The Air Force Research Laboratory is laying the groundwork to develop revolutionary hypersonic aerospace vehicles. AFRL is examining the feasibility of replacing traditional mechanical actuators, which move to control an air vehicle's flight control surfaces like wing flaps, with plasma actuators that require no moving parts and are more reliable.
As part of the Air Force Office of Scientific Research Boundary Layers and Hypersonics program, AFRL conducted a wind tunnel test to evaluate the feasibility of using plasma actuators for airframe flight control. In AFRL's Mach 5 plasma channel wind tunnel, engineers used a strong electric field to ionize air around an air vehicle model to create plasma.
Air diverted by plasma heating successfully exerted force on the model and demonstrated that the plasma actuator concept is a viable area for further study and development.
AFRL's Mach 5 plasma channel wind tunnel relies upon a vacuum system to generate low-density air flows. A high electrical voltage placed between metal electrodes on a model in the plasma channel ionizes the air between them and creates plasma, a state of matter where electrons are stripped from molecules. While usually occurring at extreme temperatures and pressures such as the conditions experienced within a star or by a hypersonic vehicle during flight, man-made plasma is found in items like fluorescent light bulbs and computer screen plasma displays.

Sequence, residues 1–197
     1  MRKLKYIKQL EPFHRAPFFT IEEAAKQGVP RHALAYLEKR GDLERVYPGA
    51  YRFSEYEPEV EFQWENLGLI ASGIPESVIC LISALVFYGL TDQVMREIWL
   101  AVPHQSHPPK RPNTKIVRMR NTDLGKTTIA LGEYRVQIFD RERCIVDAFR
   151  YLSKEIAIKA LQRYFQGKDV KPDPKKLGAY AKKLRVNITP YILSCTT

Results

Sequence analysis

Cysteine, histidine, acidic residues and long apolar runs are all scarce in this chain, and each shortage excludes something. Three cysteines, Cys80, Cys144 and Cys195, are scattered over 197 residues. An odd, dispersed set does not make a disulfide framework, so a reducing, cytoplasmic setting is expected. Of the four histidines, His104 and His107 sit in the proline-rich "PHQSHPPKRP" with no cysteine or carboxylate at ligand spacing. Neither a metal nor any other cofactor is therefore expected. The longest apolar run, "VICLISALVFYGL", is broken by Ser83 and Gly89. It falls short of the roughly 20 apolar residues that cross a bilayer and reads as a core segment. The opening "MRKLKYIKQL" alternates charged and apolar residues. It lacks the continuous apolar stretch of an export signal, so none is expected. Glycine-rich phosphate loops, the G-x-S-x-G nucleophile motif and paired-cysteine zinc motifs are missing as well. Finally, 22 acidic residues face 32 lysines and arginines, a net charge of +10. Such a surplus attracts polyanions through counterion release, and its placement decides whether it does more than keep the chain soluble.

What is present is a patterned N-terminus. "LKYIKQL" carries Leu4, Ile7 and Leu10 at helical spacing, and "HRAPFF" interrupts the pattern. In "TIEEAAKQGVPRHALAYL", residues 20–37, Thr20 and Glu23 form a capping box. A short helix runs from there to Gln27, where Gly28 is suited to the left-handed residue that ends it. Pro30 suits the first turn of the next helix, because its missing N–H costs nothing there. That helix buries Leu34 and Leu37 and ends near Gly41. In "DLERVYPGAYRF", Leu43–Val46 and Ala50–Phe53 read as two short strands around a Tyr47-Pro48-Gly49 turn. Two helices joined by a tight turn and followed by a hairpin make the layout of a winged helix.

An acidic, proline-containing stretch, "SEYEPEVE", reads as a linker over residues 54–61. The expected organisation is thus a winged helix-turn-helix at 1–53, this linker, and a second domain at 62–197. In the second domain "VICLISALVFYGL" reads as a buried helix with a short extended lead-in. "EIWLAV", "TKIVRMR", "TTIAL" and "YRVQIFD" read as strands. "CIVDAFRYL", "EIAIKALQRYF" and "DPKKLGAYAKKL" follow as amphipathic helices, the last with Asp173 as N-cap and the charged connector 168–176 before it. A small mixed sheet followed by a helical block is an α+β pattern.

The Boundary Layers and Hypersonics program is developing knowledge of fluid physics to facilitate future aerospace vehicle designs. The program focuses on characterizing, predicting and controlling high-speed fluid dynamic phenomena including boundary layer transition, shock/boundary layer, shock/shock interactions and other airframe propulsion integration phenomena including real-gas effects, plasma aerodynamics, magnetohydrodynamics and high-speed flow heat transfer.
Copyright 2006 by Space Daily, Distributed United Press International
Explore further: Microscopic instrument aboard Air Force Academy satellite to study plasma bubbles